For those who speak two or more languages, a recurring question is what language do you dream in?
Of course, there is no correct answer to this as everybody is an individual, but if you ask someone who is multi-lingual, you’ll find that in most cases throughout day-to-day life, the language of their childhood tends to be the one that is most prominent.
What are we getting at?
In an unprecedented age of global mobility, economic growth and major talent shortages in key emerging and growth markets, the reality is that some if not many of your staff might just dream in a different language. Keep this figure in mind, 70% of companies expect their mobile programs to increase in the next 5 years.
Designing a competitive and attractive compensation and benefits package has always been a challenge, but how do you do manage the complexities associated with doing all of this with a global workforce when the world is at your fingertips?
In an attempt to find an answer to this question, we sat down with Marlene Zobayan. As a partner of Rutlen Associates LLC, she has had a 360-degree involvement in designing global equity plans and specializes in mobile employee taxation, global compensation and benefits.
Q: You have over twenty years of international tax and benefits experience. Would you say that employee mobility is one of the largest changes that has occurred in our area?
It is certainly one of the most topical subjects during my career. Many of the underlying tax rules for mobility have been around for many years, but the focus on mobility compliance was not there.
There are two fundamental shifts that are playing into the increased attention on mobility compliance. Firstly, the world’s population is getting more mobile. In fact, a UN survey from 2017 found that the number of internationally mobile individuals is growing faster than the world’s population. Historically mobile employees were company-sponsored assignees with established career histories; now we are seeing a wider range of employees relocating during their careers, many for personal reasons.
Secondly, there has been a change in the tax profession where the focus has shifted from tax planning to tax compliance. Planning is still key, particularly in a mobility setting where a mistimed move can result in double taxation or years of compliance for a past location. In the last 10-15 years, many authorities have developed better guidance and started enforcing legislation regarding mobile employees which has also prompted corporate compliance.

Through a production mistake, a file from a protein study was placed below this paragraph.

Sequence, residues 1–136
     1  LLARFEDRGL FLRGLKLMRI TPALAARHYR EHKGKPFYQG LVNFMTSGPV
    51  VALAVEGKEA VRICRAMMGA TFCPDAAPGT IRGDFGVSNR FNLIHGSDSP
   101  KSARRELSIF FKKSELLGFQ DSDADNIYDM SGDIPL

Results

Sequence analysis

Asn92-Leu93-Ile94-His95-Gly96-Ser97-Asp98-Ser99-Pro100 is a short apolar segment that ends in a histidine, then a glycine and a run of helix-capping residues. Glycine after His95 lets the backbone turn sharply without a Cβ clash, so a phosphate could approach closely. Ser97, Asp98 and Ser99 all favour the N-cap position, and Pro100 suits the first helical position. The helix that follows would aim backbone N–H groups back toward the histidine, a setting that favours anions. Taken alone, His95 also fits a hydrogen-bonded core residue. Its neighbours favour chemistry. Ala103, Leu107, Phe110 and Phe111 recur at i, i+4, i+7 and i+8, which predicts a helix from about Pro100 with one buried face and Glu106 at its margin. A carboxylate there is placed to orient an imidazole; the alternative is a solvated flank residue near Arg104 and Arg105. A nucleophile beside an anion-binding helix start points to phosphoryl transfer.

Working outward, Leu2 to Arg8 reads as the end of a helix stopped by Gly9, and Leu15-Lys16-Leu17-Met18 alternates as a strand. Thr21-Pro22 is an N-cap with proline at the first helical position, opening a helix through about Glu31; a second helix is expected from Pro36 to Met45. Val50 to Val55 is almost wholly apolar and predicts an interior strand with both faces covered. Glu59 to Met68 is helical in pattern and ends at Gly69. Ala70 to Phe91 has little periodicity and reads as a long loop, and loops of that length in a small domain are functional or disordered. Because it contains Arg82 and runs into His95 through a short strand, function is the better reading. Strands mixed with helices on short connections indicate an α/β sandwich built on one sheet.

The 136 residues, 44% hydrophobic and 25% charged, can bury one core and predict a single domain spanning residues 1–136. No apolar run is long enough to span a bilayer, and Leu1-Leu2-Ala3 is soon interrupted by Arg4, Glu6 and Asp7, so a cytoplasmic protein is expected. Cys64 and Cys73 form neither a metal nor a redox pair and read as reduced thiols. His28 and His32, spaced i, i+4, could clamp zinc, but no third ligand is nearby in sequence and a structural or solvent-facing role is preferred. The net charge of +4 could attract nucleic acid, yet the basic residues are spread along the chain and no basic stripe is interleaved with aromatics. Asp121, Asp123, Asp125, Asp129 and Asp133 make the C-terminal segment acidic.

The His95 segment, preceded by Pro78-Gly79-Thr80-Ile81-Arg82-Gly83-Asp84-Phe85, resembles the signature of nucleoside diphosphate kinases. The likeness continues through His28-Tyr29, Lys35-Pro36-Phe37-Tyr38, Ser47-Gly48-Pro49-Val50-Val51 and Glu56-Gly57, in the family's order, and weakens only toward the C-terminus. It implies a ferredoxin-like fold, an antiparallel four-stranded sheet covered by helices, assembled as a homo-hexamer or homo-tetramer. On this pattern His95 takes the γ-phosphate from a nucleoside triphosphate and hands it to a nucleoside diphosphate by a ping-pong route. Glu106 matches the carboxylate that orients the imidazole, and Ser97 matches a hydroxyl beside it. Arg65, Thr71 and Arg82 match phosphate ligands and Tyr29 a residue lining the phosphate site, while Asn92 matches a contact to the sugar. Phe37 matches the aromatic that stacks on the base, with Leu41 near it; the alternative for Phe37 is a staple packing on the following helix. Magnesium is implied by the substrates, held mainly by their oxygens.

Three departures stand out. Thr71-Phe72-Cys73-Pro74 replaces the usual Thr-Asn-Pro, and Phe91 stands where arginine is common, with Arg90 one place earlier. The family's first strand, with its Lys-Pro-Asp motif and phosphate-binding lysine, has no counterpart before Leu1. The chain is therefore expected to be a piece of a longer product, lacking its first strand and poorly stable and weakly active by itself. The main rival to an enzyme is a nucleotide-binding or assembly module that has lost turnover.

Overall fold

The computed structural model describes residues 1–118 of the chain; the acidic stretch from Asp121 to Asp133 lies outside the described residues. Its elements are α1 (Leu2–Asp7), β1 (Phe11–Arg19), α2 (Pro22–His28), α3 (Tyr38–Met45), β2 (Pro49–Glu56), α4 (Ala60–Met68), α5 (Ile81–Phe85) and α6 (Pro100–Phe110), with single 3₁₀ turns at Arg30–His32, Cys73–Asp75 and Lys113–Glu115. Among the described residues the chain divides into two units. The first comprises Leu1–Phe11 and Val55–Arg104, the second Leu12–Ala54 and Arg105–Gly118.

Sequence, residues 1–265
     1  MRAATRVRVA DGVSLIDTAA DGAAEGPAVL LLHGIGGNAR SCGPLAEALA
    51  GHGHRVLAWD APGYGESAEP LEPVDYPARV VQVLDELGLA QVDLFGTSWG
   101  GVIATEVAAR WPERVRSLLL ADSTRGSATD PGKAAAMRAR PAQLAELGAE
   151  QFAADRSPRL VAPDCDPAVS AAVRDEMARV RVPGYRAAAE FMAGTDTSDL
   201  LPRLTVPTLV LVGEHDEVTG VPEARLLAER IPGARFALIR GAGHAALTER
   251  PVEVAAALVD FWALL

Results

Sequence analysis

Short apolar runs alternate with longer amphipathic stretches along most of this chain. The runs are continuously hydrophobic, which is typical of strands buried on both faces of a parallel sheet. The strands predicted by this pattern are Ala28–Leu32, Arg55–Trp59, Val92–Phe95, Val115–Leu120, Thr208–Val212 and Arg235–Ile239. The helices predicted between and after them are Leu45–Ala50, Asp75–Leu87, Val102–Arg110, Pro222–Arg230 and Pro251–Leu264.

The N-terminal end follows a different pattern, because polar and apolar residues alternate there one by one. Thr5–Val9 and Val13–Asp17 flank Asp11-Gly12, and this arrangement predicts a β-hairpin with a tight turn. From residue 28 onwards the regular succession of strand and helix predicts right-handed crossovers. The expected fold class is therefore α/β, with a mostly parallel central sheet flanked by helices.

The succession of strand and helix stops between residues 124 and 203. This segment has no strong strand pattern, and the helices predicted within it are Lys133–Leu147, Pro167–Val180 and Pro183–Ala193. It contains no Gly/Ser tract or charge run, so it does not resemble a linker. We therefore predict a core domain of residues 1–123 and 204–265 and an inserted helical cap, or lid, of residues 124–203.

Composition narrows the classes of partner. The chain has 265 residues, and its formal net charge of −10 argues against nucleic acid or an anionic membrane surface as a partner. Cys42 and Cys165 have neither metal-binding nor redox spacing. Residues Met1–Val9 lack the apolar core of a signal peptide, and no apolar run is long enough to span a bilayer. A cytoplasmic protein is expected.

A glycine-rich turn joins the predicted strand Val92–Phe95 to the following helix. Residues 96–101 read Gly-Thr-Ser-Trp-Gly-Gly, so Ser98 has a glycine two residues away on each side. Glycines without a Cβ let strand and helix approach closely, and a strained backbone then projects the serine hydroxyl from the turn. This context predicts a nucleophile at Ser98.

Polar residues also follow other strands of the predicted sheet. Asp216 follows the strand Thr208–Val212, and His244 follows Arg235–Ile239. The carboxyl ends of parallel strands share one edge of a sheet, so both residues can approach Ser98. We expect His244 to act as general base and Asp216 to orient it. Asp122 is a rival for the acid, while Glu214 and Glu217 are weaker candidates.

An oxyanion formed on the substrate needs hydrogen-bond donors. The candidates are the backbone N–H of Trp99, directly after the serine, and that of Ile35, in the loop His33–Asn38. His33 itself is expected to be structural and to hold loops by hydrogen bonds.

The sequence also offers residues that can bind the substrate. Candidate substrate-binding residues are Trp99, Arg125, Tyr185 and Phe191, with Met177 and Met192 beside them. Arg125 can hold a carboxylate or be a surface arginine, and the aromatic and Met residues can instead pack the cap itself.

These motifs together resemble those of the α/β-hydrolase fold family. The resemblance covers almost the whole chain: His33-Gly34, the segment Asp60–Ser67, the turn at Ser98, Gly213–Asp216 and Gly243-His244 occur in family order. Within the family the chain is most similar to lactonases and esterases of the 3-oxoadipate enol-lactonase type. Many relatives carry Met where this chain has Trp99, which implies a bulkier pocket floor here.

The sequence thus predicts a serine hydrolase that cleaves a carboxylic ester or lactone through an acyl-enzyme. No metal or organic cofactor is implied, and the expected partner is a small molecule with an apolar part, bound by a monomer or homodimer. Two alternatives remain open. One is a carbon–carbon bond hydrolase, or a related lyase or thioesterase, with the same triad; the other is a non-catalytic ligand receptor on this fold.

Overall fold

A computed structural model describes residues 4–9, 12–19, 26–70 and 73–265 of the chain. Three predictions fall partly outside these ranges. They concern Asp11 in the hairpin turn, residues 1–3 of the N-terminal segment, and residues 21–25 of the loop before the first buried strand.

Q: Has the mobile workforce made it harder to design ESPPs, or are the fundamentals of good plan designs regardless of where the employee lives still the same?
In my opinion, a fundamentally good plan design should help the issuing corporation meets its goals, whether those are to attract or retain employees or to motivate certain behaviours. This is challenging to do when you have employees across multiple cultures and even more challenging when employees then move across locations and by extension across cultures.
However, the higher risk with mobile employees is the potential to disincentivize them by allowing situations where the total taxes due are high or the individuals cannot get the benefit of a tax-favourable plan. That is why it is important to plan moves in advance and communicate effectively to individuals so they can understand the general tax implications of a move before making a final relocation decision.
In an ideal client situation, we educate the mobility department or line managers upfront so that they encourage employees to seek advice and do not relocate without understanding the implications. Often relocating before a grant date or delaying a move until after a vesting date is an easy way of being more tax efficient.
Q: What is the one key bit of advice that you would give to a company that is looking to future-proof its plans for a mobile workforce?
Having a corporate mobility policy is key. My clients have seen a significant rise in the number of employees who want to move for personal reasons and perhaps even work remotely from a location the company does not have a presence. Such moves often have multiple implications including corporate tax, immigration law, labour law, securities law, business licensing as well as tax. Often companies are reactive to such requests. Having a policy that outlines which types of employees are allowed to relocate, the permissions and signoffs that are needed and what assistance the employees will receive (if any) go a long way towards being able to address each situation on its own merits, make an objective determination and (hopefully) a successful relocation.
Global Shares software solutions make it easy for companies to manage their employee mobility, tax, reporting and global compliance, customized for companies’ specific plans and the countries in which their employees are based. We make the complicated uncomplicated. Perhaps even more importantly, we do it all in your employee’s native language.
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